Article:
Art

Ballet meets contemporary African dance at Kenya National Theatre

Sarakasi Dancers in Dance EXtravaganza with Ballet Kenya Studio at Kenya National Theatre, 13.3.21

Sarakasi Dancers in Dance EXtravaganza with Ballet Kenya Studio at Kenya National Theatre. PHOTO | MARGARETTA WA GACHERU | NMG

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Summary

  • Once Ballet Kenya Studio chose to team up with Sarakasi Trust to stage a performance highlighting the best of both groups, comparing and contrasting the two was bound to take place.
  • One troupe being prime and proper, the other wild and raucous, it was clear from the moment we got to see first, the ballerinas and then, the contemporary dancers that the show would alternate in high contrasts.

It wasn’t a fair fight!

Not that last Saturday’s ‘Dance Extravaganza’ should have been seen as a battle between two different dance companies and two different schools of thought. 

But inevitably, once Ballet Kenya Studio chose to team up with Sarakasi Trust to stage a performance highlighting the best of both groups, comparing and contrasting the two was bound to take place.

One troupe being prime and proper, the other wild and raucous, it was clear from the moment we got to see first, the ballerinas and then, the contemporary dancers that the show would alternate in high contrasts.

The main difference between the two sets of dancers is that one set are students while the other are seasoned professionals. What they have in common is that both are technically made up of dancers and both deserve to have a higher public profile for all the hard work they put in to training young Kenyan talents.

But after that, the differences are glaring and sharp. BKS is deeply grounded in the Western tradition of ballet while Sarakasi has specialized in developing African contemporary dance for well over a decade. 

sarakasi dancers in Dance Extravaganza at Kenya National Theatre, 13 March 2021

Sarakasi Dancers in Dance Extravaganza at Kenya National Theatre. PHOTO | MARGARETTA WA GACHERU | NMG

The ballet emphasizes grace, poise, carefully measured movements, and elegance of form. In contrast, the choreography of Sarakasi focuses on fast, percussive, rhythmic, and perfectly measured but apparently wild body activity as every muscle, sinew, and limb seems to be in constant high-speed motion.

That brings to mind the choreographers who are all experienced dancers as well as dance designers. But again, ballet director Charmaine Smith is steeped in the Western tradition, having performed all over the world before becoming a teacher, choreographer and founder of BKS just a decade ago.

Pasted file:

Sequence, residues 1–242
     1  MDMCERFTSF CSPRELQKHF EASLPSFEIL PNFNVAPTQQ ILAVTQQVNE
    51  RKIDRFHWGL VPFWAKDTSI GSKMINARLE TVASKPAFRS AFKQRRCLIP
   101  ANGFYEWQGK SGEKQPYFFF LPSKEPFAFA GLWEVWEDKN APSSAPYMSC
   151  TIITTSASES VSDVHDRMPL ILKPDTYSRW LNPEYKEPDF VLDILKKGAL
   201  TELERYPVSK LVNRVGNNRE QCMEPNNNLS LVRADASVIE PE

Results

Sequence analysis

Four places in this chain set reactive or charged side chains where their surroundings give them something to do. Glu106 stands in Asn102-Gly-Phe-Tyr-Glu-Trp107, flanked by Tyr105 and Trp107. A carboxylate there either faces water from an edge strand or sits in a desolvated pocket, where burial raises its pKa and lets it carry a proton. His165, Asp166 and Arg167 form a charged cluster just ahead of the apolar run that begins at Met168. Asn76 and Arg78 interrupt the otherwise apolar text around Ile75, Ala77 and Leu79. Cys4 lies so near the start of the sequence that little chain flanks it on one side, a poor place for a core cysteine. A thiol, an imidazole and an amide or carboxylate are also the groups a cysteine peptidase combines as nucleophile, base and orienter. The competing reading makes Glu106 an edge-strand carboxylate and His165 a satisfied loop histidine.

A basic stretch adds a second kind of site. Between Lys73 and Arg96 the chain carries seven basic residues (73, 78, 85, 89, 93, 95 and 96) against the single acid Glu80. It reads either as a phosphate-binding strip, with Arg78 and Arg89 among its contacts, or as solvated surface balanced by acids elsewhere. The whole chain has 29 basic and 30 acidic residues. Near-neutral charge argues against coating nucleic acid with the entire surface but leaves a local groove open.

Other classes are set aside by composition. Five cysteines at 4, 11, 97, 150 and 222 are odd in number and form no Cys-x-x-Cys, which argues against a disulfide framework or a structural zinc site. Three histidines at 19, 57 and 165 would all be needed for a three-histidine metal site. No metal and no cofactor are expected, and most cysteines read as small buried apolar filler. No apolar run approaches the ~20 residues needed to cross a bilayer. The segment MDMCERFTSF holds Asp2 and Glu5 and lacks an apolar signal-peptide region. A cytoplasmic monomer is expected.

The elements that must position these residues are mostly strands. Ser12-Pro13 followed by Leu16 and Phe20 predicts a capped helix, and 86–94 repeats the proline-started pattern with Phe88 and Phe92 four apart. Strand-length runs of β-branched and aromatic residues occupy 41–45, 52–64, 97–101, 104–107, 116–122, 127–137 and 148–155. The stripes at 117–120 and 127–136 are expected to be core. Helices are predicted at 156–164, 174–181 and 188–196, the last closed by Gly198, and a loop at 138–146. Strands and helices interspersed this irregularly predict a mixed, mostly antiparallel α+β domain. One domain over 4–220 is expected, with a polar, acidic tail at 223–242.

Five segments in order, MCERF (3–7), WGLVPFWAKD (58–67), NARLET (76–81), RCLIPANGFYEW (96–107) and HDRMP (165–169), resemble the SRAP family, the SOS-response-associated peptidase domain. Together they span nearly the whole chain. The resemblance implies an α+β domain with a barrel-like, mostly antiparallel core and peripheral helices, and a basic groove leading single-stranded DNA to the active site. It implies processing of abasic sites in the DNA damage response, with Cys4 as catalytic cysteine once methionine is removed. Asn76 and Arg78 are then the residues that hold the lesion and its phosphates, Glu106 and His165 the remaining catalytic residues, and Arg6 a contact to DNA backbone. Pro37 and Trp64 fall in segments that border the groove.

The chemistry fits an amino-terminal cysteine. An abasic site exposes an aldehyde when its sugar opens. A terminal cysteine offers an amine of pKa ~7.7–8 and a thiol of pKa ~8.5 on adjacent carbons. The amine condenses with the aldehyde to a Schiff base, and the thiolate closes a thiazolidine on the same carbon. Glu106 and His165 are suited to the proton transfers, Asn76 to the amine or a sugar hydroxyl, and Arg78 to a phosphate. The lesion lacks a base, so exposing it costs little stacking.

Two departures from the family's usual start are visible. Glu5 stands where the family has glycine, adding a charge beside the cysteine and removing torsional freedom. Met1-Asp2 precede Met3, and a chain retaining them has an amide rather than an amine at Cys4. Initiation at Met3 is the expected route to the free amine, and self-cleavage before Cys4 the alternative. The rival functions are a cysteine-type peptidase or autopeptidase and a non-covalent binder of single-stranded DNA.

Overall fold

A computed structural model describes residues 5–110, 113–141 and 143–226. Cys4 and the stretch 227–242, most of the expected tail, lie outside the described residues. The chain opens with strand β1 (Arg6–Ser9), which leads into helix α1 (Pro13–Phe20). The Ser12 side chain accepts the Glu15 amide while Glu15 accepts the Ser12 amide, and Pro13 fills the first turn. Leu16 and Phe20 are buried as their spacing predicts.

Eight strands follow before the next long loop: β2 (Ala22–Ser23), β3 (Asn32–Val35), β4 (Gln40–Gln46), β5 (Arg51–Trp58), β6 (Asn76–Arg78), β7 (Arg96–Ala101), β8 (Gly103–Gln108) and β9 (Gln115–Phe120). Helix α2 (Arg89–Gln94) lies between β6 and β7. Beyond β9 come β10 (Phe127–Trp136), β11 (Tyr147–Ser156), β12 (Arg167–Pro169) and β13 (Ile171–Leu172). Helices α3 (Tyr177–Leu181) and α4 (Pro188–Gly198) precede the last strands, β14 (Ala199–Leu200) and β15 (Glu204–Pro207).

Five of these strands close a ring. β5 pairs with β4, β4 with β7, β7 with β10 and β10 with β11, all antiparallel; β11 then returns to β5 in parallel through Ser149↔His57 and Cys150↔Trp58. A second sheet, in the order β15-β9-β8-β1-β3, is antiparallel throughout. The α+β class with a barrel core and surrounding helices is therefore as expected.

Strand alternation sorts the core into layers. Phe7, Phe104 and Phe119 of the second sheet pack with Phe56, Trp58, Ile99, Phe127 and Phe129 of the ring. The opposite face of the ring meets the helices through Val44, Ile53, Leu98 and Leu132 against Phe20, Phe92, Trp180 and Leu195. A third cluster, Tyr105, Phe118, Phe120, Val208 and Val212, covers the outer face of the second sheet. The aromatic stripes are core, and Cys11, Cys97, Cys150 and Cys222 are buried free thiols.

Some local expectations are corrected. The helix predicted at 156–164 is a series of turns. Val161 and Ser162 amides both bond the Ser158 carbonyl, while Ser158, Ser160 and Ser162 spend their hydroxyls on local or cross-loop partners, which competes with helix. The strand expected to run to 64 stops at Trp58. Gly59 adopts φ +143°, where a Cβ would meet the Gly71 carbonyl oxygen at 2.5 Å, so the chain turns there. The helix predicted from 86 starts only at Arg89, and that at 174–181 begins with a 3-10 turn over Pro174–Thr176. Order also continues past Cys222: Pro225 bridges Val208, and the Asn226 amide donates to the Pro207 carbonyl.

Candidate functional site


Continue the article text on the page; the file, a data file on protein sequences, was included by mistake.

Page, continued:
Sarakasi’s team of choreographers are both Kenyans. Oscar Mwalo and Aggie the Dance Queen are seasoned dancers who have been with the Trust for years. But their specialty is fusing extreme athleticism and acrobatics with contemporary African dance to bring a style of performance that is uniquely Sarakasi’s.

Then comes the costuming. BKS dancers were dressed simply in leotards, tights, and tutus for the girls and tights and white t-shirts for the young men. The girls were mainly in black which probably would have worked well for the young males as well since their white shirts looked too casual for a KNT production.

Again, in contrast, Sarakasi dancers wore brightly colored African designs and changed their costuming for nearly every single number they performed.

Thoughtfully designed so as to not get in the way of their rigorous dance workouts or acrobatic flips and splits, their costume changes caused interruptions in the flow of the production. But an eager audience was pleasantly patient with the lapses and minor waits.

Sarakasi dancers at KNT in Dance Extravaganza, 13 march 2021

Sarakasi dancers at KNT in Dance Extravaganza. PHOTO | MARGARETTA WA GACHERU | NMG

One of the biggest contrasts between the alternating performances was the music. One was utterly Western with songs like ‘I could have danced all night’ from “My Fair Lady” and Adele’s James Bond theme song, “When the sky Falls.” Beautiful music and graceful dance. 

But the pace quickly picked up once Sarakasi’s percussive selections, mainly West African sounds, introduced another hot number, performed by youth prepared to pour out all their passion and love of storytelling using their bodies to narrate their various storylines.

Finally, the age of the dancers also made a difference in the presentation of the alternating sets. The majority of BKS dancers were youngsters and early learners of ballet with no more than six or seven in their teens and early twenties who often shared the stage with the youth. 

Meanwhile, Sarakasi dancers were all probably in their twenties and possibly a few a bit older. The point is they are prime-time young dancers whose priority in life (it could be surmised) is to dance in the most dazzling and eye-popping style. And to dance professionally is probably their dream of a lifetime.

So the Dance Extravaganza was an opportunity to see two very different genres of dancing right here in Nairobi. Both dance centres are run by remarkable women. Charmaine Smith is originally from down south and moved here in 2010, while Marion Op het Veld is from Holland and has been based at the Sarakasi Dome for over two decades.

Her dancers perform both locally at the Dome (former Shah Cinema) and privately at corporate functions as well as abroad when invited to festivals and international fairs.